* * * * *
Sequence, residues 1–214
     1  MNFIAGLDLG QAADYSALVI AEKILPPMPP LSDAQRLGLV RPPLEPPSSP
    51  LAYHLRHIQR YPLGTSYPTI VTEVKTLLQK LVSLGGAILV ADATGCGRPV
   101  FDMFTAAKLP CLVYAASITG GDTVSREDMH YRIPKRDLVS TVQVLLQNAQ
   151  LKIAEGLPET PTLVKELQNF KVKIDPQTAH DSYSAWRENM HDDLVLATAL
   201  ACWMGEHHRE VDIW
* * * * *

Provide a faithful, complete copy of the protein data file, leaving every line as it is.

Sequence, residues 1–214
     1  MNFIAGLDLG QAADYSALVI AEKILPPMPP LSDAQRLGLV RPPLEPPSSP
    51  LAYHLRHIQR YPLGTSYPTI VTEVKTLLQK LVSLGGAILV ADATGCGRPV
   101  FDMFTAAKLP CLVYAASITG GDTVSREDMH YRIPKRDLVS TVQVLLQNAQ
   151  LKIAEGLPET PTLVKELQNF KVKIDPQTAH DSYSAWRENM HDDLVLATAL
   201  ACWMGEHHRE VDIW